August 17, 2017

Walden Pond and Civil Disobedience

I was in the Boston area last month when the 200th birthday of American author Henry David Thoreau was celebrated. Thoreau, of course, is most famous for his book "On Walden Pond", a journal of his two years living on its banks in the New England woods. He was also a leader in the Transcendentalist movement along with fellow writers Ralph Waldo Emerson and Walt Whitman.
Sometimes when I think millennial generation today and hear the phrase "I'm spiritual but not religious" it reminds me a little of the 19th century Transcendentalists . Not that the two are exactly aligned but there seems to be a similar "sensibility" disdaining doctrine and institution in favor of individualism and intuition. There is a free co-mingling of eastern religious thought, science, and a keen sense that there is (what William James called) a great "More" to life and reality if we awaken ourselves to it. Thoreau, with is great love of nature, is also often seen as laying the groundwork and inspiring the modern environmental movement.
Thoreau's convictions did not lead him away from the challenges and pressures of everyday living, where self-hood and contemplation became goals in and of themselves; but inspired even greater ethical responsibility and demands upon his life. His beliefs and insights gave him a different and truer perspective on culture and society.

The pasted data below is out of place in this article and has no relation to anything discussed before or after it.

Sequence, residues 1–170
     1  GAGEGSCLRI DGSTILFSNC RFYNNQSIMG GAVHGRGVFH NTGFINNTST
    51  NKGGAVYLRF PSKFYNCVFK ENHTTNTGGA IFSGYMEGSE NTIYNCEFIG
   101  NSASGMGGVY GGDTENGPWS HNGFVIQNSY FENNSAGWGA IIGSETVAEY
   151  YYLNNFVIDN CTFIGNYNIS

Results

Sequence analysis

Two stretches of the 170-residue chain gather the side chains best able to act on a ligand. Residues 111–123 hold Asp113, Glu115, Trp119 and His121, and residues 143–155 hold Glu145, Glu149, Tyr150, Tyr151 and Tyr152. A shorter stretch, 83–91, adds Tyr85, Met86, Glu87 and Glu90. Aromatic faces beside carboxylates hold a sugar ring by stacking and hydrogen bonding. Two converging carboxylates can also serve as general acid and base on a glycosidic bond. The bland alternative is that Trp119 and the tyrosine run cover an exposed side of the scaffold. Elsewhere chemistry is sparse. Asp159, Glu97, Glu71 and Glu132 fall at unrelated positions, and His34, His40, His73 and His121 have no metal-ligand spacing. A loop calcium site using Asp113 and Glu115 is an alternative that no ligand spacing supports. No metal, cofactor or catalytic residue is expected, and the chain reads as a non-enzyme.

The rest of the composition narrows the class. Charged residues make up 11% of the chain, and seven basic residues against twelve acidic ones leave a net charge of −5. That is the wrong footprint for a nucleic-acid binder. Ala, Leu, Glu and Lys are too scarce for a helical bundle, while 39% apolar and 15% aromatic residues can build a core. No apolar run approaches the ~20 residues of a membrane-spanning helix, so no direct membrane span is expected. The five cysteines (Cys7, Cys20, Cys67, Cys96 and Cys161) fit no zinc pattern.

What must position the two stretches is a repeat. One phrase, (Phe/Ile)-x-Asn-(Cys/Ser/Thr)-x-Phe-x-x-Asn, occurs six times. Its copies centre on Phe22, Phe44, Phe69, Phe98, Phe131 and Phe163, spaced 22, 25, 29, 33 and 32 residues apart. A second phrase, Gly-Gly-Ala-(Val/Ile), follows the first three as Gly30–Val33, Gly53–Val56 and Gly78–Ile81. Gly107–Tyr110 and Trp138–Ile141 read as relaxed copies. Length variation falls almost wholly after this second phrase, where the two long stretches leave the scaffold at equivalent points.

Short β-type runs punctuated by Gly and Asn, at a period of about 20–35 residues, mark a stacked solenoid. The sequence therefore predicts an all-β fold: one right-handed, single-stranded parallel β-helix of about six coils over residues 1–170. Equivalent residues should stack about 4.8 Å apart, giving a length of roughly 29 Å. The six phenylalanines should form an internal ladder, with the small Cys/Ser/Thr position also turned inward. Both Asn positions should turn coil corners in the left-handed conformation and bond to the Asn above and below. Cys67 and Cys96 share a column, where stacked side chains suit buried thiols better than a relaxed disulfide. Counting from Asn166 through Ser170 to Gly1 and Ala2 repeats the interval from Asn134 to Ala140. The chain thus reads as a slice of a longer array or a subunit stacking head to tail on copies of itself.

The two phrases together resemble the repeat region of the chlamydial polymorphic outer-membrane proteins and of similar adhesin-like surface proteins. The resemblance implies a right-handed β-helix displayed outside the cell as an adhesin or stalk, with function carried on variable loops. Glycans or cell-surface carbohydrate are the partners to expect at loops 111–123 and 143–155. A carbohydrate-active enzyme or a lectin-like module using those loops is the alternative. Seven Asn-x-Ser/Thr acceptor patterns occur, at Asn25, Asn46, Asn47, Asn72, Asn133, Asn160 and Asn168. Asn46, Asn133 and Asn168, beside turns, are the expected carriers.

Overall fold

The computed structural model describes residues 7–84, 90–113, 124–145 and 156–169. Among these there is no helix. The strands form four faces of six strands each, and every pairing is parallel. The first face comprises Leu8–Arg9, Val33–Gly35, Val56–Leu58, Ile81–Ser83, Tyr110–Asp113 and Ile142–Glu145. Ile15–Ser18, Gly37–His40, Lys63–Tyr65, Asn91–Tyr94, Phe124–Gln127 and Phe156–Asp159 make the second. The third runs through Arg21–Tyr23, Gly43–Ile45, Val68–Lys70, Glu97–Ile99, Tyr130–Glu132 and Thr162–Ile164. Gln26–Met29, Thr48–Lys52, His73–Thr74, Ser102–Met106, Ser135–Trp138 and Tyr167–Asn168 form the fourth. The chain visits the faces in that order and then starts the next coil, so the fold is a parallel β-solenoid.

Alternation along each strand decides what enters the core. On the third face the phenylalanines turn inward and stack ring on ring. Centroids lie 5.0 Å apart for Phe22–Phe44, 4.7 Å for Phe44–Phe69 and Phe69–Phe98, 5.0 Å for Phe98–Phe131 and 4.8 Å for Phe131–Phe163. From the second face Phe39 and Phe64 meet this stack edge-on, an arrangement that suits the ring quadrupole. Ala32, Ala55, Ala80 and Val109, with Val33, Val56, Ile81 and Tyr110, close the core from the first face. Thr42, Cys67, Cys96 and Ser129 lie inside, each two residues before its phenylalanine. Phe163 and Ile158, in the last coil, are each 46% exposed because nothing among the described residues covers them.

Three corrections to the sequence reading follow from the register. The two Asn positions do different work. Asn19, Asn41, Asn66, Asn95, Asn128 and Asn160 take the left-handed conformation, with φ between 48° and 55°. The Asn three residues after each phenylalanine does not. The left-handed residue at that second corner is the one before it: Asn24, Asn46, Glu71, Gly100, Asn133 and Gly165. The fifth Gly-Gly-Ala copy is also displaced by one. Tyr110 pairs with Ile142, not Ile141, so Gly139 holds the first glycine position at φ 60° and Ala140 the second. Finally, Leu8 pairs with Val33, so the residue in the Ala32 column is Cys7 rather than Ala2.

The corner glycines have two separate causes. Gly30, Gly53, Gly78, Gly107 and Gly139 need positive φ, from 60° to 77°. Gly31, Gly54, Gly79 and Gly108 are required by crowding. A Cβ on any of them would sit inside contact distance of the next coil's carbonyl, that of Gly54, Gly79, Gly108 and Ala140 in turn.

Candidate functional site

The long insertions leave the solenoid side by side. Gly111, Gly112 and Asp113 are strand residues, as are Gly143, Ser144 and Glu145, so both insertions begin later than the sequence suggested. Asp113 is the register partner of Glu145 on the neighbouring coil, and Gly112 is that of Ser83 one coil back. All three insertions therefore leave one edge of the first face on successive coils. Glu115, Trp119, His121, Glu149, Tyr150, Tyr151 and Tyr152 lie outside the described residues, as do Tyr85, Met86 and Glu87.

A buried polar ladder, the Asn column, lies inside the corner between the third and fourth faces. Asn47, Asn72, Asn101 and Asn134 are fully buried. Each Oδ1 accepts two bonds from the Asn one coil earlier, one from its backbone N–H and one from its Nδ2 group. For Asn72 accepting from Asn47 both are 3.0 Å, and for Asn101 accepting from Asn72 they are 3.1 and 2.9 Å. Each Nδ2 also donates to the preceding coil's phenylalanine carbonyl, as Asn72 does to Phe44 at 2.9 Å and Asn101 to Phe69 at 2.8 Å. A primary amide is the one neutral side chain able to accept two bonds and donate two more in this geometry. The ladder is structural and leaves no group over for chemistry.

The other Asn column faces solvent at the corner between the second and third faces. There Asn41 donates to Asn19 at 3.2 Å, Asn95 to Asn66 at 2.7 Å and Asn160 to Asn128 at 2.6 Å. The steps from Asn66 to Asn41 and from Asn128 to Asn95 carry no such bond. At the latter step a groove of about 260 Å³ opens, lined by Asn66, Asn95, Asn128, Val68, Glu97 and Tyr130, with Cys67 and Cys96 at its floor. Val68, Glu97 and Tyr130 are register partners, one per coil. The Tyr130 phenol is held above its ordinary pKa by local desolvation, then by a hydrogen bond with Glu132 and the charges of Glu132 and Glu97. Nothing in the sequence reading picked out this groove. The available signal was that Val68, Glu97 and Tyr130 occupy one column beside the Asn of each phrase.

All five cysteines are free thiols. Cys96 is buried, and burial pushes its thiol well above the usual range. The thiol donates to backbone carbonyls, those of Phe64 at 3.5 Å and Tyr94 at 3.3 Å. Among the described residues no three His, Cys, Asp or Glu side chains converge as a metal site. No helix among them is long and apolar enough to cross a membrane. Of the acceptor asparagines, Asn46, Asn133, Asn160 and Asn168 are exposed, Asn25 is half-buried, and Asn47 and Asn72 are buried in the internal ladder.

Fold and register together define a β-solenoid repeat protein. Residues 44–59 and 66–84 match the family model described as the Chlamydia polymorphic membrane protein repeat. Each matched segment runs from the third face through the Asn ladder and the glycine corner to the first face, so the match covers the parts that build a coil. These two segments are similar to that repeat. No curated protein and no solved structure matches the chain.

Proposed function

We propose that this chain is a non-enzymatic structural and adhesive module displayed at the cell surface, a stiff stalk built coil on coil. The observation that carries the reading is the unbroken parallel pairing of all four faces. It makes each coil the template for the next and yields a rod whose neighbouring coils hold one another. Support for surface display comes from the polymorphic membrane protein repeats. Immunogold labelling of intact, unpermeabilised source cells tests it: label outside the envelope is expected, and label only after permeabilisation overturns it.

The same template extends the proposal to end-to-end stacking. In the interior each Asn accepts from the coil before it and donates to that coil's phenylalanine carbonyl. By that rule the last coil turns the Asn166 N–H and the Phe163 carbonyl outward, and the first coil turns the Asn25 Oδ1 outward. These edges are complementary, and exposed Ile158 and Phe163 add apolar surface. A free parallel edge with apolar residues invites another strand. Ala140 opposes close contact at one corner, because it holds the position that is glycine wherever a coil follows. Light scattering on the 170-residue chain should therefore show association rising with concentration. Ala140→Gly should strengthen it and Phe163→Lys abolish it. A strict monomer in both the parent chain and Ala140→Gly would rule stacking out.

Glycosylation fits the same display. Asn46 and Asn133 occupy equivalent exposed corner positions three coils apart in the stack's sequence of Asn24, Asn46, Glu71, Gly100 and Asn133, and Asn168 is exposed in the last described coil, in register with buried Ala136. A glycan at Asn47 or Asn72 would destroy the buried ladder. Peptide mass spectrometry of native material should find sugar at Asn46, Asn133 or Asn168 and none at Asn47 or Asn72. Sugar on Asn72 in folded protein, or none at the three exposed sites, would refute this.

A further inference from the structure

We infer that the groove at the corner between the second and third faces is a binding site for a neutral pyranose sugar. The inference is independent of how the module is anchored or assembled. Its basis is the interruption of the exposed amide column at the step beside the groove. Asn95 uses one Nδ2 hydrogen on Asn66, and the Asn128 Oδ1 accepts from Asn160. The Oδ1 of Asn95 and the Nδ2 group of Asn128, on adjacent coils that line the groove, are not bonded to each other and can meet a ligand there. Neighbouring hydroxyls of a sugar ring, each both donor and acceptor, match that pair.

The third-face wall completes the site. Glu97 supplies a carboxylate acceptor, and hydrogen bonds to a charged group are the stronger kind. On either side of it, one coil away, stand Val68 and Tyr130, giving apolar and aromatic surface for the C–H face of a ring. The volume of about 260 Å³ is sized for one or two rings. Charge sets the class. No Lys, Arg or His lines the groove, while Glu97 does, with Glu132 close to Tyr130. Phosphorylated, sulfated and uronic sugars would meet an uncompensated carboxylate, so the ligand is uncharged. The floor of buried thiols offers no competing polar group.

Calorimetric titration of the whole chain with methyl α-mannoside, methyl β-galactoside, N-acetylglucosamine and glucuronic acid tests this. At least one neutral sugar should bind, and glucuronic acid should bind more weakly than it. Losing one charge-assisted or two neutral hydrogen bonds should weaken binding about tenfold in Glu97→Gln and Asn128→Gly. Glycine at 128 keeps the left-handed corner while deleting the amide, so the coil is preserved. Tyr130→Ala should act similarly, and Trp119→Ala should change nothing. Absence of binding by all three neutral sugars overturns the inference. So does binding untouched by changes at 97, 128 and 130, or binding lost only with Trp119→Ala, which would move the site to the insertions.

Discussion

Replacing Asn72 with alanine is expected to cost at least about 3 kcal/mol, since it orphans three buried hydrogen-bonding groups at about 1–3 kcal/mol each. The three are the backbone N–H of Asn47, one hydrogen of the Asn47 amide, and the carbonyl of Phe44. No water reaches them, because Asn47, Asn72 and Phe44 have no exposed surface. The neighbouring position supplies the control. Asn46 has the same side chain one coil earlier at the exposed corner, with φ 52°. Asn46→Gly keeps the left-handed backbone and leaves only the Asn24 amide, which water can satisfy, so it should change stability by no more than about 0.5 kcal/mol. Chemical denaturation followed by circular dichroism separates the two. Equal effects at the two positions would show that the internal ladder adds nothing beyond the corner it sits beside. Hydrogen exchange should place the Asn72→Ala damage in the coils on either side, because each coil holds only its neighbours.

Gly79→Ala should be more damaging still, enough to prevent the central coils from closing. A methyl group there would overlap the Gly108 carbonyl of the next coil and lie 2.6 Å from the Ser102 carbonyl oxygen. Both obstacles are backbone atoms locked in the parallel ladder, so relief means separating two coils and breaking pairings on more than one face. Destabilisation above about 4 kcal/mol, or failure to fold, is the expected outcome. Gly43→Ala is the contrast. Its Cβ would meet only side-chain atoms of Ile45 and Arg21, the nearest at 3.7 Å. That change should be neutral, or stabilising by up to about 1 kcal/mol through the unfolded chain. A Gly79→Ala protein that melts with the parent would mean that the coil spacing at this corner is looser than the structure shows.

Prior to the civil war, when most of his day, even including the abolitionist newspaper, The Liberator, were condemning John Brown as foolish, an extremist and villain; Thoreau mounted a inspiring defense of his actions as the only true course, brave and honorable. He likened the US government to Pontus Pilate in Brown's conviction and execution. Thoreau was a fierce abolitionist, condemning his fellow Bostonians for criticizing the south while still reaping the financial and agricultural benefits of slavery in the north. His major work on Civil Disobedience inspired Gandhi and Dr King.
Maybe young people are looking to the church to have the courage to be "out front" like Thoreau was when it comes to justice, equality, inclusiveness, the welfare of all. To see in our faith, our prayers, our praise, the glory of God in everyday life. To be willing to step outside our comfort zones, tradition, and societal norms of the day. To be true to the deepest instincts of our hearts and what is surely revealed in the heavens and the good earth around us. Sometimes we forget how much Jesus was like this.

Bob Bell



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